Geography, 1885 Style

Dad wanted some help checking for leaks and pests in the basement of an old house near his home.  This has been a wet year, so he was worried about the integrity of the house’s foundation.  We would need to move a few things around and clean up the area.  Cleaning out a basement is not something many people enjoy.  Especially if the basement is part of a very old farmhouse.

The basement is fine, if you overlook the cobwebs, mildew and dampness.  I stumbled upon an old box filled with Atlas brand canning jars and some old books.  The stuff was old, so my interest was piqued instantly.  The canning jars appear to be collectable but not particularly valuable.


Among the few books, one warranted closer scrutiny. It measured about 12 by 9 inches.  It was covered with dust, fungus and cobwebs.  I set it aside then wiped off the worst of the filth.  I found out that it was an antique geography textbook.  I brought it outdoors so I could clean it up and finally open the cover.

*Barnes’ Complete Geography, Nebraska Edition* is the title.  Inside, I found out it was printed in 1885 by the A.S. Barnes Company of New York and Chicago.  The author is James Monteith.

One of my greatest pleasures is to study maps, new and old.  But old maps are especially fascinating.  In the overall scheme of the world, most people don’t know nor much care about the state of Nebraska.  They just don’t know that you don’t need to live in New England or California to have an interesting home state.  This old geography textbook features a few extra pages regarding Nebraska because it was intended for use in Nebraska school systems.

The state map shows that all of the counties had not yet been established.  In the panhandle, was a large rectangular county shaded in pink that looks out of place.  Cheyenne County covers half of the panhandle area on the 1885 map.  Also, Hooker County, just south of Cherry County at the top of the map, used to be the unincorporated county called “Blackbird”. The rest of the counties appear as they do today.  This feature, alone makes for interesting contemplation.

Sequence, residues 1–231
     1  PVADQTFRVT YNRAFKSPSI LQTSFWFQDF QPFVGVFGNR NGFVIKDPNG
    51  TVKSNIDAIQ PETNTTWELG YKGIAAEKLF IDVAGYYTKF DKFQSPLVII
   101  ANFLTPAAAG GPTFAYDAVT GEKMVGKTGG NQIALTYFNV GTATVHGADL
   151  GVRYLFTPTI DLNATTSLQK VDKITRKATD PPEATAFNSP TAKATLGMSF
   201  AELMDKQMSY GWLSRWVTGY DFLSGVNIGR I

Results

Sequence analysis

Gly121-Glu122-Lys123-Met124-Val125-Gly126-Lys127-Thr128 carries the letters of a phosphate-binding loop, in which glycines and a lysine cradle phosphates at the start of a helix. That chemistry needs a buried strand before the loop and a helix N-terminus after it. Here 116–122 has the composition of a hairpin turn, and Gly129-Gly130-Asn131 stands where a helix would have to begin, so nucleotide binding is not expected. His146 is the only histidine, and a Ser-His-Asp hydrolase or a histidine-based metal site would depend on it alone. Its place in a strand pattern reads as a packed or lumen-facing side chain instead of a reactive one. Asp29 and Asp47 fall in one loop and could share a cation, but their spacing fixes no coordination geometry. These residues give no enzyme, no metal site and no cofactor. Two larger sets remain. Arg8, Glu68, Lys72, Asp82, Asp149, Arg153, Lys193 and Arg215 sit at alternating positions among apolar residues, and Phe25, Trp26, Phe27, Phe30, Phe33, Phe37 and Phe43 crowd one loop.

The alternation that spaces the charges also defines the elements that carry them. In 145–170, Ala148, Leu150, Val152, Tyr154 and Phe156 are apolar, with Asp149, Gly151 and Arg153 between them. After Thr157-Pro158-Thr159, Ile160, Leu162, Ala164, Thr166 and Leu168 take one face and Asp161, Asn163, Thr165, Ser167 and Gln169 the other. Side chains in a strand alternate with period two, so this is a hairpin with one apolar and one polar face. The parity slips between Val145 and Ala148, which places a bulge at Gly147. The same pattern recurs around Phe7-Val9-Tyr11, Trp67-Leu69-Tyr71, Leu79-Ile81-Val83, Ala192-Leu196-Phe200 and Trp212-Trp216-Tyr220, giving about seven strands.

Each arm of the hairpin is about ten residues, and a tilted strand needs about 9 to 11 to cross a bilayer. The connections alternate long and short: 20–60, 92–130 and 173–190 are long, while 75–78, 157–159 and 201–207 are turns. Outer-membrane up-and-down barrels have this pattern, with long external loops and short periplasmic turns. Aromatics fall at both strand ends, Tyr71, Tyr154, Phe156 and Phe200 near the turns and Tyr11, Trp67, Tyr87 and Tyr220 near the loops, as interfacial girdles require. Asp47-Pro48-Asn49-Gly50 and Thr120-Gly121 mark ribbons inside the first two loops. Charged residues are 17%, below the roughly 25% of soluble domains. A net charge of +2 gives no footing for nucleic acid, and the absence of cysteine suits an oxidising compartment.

Presently, the old Cheyenne County has been divided into seven counties. Scottsbluff, Banner, Kimball, Morrill, Garden, Duel and the new, much smaller Cheyenne County.  So, all together, eight counties have changed between now and 1885.

I like to check vital statistics of an area.  In 1885, the entire state of Nebraska had 740,645 people.  Our largest city, Omaha, had 61,835 residents.  My home county, Madison, had a total of 9,871 residents spread throughout the towns of Norfolk, Madison and other small villages and farmsteads.  Madison County evidently had towns that don’t exist anymore.  These will need further investigation when and if I get more time.

I spotted the now defunct towns of Deer Creek, Munson, Chloe and Kalamazoo.  I had no idea there had even been a Kalamazoo, Nebraska until now.  Hmm!


One part of the book gave me a more personal glimpse into the past.  The blank inside page had been written on with pencil.  14-year-old Dewey F. Roseborough of Tilden placed his identification there. He lived in or near Tilden, Nebraska.  He attended Madison County’s Tilden School.  He was 4’10” tall.  He must have been short of scratch paper one day because there is an arithmetic problem scribbled on the page.

The remainder of the geography book is every bit as interesting.  I’ll be studying the maps and the text of the book for quite awhile.  This old book is really an old treasure.

Ciao

The Blue Jay of Happiness wishes that Nebraska’s founding fathers had named one of the counties after blue jays.

 

About swabby429

An eclectic guy who likes to observe the world around him and comment about those observations.
This entry was posted in cultural highlights, History, Hometown, Vintage Collectables, Youth. Bookmark the permalink.

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